In the twelfth century the Latin term pullani (poulains in French) was applied to native Latins, sons of crusaders or immigrants from the West. The literal meaning of this term is “colts”, which perhaps intended to identify these new, locally born Latins as young and wild. There may be a more prosaic explanation of the origins of this title, but whatever its source, pullani is a complex appellation, sometimes used with pride, sometimes, more often perhaps, used derogatively. The twelfth century English historian and Augustinian canon, William of Newburgh, stated that the pullani were "between Christians and Saracens, [but] seem to be neither one thing nor the other."* Yet, to themselves they appear to have had less of a problem with their identity than did outsiders. And while they willingly adopted from local customs, they retained a separate existence from the Muslims and from the Eastern Christians.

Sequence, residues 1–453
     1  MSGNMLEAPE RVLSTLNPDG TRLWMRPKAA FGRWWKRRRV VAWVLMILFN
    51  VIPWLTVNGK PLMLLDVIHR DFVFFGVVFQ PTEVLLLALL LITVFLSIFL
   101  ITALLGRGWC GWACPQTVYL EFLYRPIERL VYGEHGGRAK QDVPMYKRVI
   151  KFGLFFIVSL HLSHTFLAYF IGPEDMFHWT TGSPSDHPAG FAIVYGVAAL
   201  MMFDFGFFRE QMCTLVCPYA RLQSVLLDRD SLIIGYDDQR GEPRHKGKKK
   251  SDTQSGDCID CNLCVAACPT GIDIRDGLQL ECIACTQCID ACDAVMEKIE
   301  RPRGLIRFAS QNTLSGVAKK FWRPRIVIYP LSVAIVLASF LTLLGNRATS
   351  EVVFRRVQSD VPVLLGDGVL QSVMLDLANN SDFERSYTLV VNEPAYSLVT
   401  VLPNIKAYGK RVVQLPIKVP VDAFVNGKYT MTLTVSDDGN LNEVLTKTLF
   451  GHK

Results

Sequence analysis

Westerners were frequently outspoken in their disapproval of these native Latins. One critic, the Cistercian prior, Caesarius of Heisterbach, referred to the pullani as dedicated to the extravagances of gluttony and carnal pleasures and hardly different from beasts. Another, often caustic critic, James of Vitry wrote of the pullani, as brought up in debauchery and dedicated to the pleasures of the flesh. He claimed that they were more open to fighting with one another than with the Muslims, and criticised them for keeping their women segregated, an apparent adoption of the Muslim custom of restricting women to private quarters. But perhaps he goes a bit too far, even claiming that pullani women poisoned their husbands in order to marry other men.